Why I’m Not Scratching My Head About The State Of The Election Today

Steve Lombardo, a former Romney adviser in 2008, writes this in his Huffington Post column today: “Any serious observer of the presidential election has to be scratching his/her head. In mid-September Obama was on track for reelection because Romney, at that point, had been deemed unacceptable by a vast segment of the electorate. Now, in mid-October, the President is dazed, staggered by a near knockout in the first debate and a subsequent Romney surge that seems to have the Governor on a winning trajectory. The problem is that neither scenario accounts for unplanned events.”

Except that’s not true.   This race is essentially tied not because of “unplanned events”, but because of perfectly predictable events; as we get closer to Election Day, more and more voters are behaving almost exactly as political science forecast models suggested they would.    As I said again and again, although Obama was outperforming the economic fundamentals in many of the swing state polls during September, that did not mean that this election was not going to tighten as more voters begin tuning into the race.

But pundits persist in insisting that rather than responding rationally to the state of the economy, voters are instead a fickle bunch who are largely ignoring the economy.  Consider this observation today by another pundit who, citing a Gallup poll titled “U.S. Economic Confidence Best Since May, tweeted this: “I give up trying to make sense of this election.” Evidently he doesn’t understand how the race could be tied if voters’ economic confidence is on the rise.  Again, however, if you look at the actual poll, (and not just the title), it’s pretty clear why Romney and Obama are running neck-and-neck.

The reality is that despite the positive trend recently in voters’ economic outlook, the poll actually shows that more Americans continue to be pessimistic about the state of the economy.  Their collective confidence may be the best since May – but that’s not saying a helluva lot.  And that pessimism is largely driving today’s polling numbers.  Gallup’s Economic Confidence Index is based on the combined responses to two questions, the first asking Americans to rate economic conditions in this country today, and second, whether they think economic conditions in the country as a whole are getting better or getting worse.  The Index is then computed by adding the percentage of Americans rating current economic conditions ((“excellent” + “good”) minus “poor”) to the percentage saying the economy is (“getting better” minus “getting worse”), and then dividing that sum by 2. So, an index above zero indicates that more Americans have a positive than a negative view of the economy; values below zero indicate net-negative views.  As you can see, the index is still strongly negative.  So, is it surprising that as Americans increasingly tune into the election to consider which candidate they will support that Obama’s “lead” has eroded?  I don’t think so.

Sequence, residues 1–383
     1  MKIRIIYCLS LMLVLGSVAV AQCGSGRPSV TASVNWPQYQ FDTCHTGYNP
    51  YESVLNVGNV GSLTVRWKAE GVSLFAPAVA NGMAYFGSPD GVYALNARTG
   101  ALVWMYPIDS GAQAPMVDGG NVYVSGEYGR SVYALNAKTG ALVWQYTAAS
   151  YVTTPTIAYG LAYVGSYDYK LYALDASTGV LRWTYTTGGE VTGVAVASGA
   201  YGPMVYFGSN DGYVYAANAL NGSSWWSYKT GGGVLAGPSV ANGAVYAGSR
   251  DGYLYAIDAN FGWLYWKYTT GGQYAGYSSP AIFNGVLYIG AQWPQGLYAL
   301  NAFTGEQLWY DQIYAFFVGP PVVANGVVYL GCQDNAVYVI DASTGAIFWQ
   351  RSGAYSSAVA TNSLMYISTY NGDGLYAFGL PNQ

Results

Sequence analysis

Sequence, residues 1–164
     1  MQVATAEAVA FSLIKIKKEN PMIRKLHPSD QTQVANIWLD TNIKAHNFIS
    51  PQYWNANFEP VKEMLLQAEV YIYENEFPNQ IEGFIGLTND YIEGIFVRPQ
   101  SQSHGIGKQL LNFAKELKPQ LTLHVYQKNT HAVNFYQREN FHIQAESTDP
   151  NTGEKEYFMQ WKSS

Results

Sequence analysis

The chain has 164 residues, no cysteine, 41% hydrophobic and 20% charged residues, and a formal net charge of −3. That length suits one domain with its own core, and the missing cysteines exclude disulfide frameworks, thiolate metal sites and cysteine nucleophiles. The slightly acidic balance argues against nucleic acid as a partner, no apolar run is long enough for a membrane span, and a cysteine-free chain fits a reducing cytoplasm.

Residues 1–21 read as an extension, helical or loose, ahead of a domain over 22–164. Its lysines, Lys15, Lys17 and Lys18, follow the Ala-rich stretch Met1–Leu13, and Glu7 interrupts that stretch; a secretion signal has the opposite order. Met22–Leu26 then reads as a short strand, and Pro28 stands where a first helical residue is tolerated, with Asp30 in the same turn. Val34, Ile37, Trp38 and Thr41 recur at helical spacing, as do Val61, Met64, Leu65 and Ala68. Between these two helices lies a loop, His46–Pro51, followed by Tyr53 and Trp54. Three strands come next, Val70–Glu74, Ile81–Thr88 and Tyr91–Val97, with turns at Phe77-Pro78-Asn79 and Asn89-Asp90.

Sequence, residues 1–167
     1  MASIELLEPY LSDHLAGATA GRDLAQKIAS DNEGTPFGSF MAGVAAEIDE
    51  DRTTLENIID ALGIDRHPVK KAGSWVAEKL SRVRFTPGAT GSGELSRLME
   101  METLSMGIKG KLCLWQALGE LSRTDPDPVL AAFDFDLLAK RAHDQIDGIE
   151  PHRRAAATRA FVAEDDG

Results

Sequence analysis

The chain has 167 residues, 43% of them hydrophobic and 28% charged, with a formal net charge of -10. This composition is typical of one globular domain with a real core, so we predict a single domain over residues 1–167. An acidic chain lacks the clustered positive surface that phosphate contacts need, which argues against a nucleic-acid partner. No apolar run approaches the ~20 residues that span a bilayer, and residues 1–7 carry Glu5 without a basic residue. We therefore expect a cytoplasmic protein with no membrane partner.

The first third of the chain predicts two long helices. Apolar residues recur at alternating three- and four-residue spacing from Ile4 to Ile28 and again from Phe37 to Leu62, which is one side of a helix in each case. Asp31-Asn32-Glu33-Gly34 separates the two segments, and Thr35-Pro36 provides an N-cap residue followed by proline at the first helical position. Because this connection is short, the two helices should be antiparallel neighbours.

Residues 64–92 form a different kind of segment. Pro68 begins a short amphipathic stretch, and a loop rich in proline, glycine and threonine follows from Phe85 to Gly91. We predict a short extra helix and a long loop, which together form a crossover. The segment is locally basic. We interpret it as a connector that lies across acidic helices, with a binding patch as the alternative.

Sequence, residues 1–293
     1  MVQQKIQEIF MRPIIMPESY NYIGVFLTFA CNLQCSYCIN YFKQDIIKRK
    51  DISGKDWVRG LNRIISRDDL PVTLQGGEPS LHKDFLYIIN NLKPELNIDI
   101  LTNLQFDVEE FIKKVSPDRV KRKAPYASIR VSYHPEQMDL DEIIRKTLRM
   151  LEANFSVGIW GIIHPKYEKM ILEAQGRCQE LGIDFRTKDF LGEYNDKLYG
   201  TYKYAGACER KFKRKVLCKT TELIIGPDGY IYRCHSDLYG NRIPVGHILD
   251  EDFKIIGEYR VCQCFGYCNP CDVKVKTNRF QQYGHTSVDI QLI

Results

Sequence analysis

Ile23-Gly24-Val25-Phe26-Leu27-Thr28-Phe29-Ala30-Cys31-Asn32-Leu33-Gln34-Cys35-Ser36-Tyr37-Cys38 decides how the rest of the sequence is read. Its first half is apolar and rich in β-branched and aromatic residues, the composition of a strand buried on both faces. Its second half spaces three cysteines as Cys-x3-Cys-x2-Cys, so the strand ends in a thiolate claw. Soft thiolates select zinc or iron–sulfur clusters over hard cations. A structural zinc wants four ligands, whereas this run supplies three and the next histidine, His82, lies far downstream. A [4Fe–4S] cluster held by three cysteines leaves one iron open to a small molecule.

Look, I’m not saying everything is unfolding in this election precisely as anticipated – every campaign has unexpected twists and bumps in the road.  But if you told me back at the start of September that this election would be essentially tied with less than three weeks to go, I would have thought you were reading my posts!

Which lead us to tonight’s debate.  I’ll spare you a rehashing of the ubiquitous “Five Things Candidate X Must Do To Win”  comments, and instead simply remind you to listen to what the candidates say more than watching how they say it. Candidates’ posturing and body language is a vastly over rated phenomenon, in my view.  While I expect Obama to come out more energized, and to be more pointed in his critique of Romney’s policy platform, I don’t think there’s a lot of room left to change the campaign narrative on either side.  This election is about where it should be, and if history is any guide, we aren’t going to see Obama move more than 2 polling points – at most – in either direction.

I will, of course, be live blogging the event. We’ve upgraded our blogging program to make it easier to comment (so I am told!), so I hope you’ll join in.  Remember, this is the most crucial event in the campaign so far – I know this because most of the talking heads told me so.  And they can’t be wrong.

I’ll be back on at about 8:45.  See you then…. .


  1. Good Post. So the variation in polling numbers is explained by more respondents succumbing to the fundamental economic drivers. Does that mean that as you look at polling data further and further from election day, other concerns are driving the choice– or is there simply more variation in the flexibility of opinion of undecided voters at that point?

  2. Scott – Not so much succumbing as increasingly paying attention to the choices in terms of their own beliefs, rather than as a cursory reaction to who seems to be getting the better media/advertising coverage. That’s why polls are very unreliable indicators of vote choice the farther away from the election you get, but they become increasingly accurate as election day approaches, so that the day before that’s pretty much all you have to look at to get a remarkably accurate snapshot of the likely vote.

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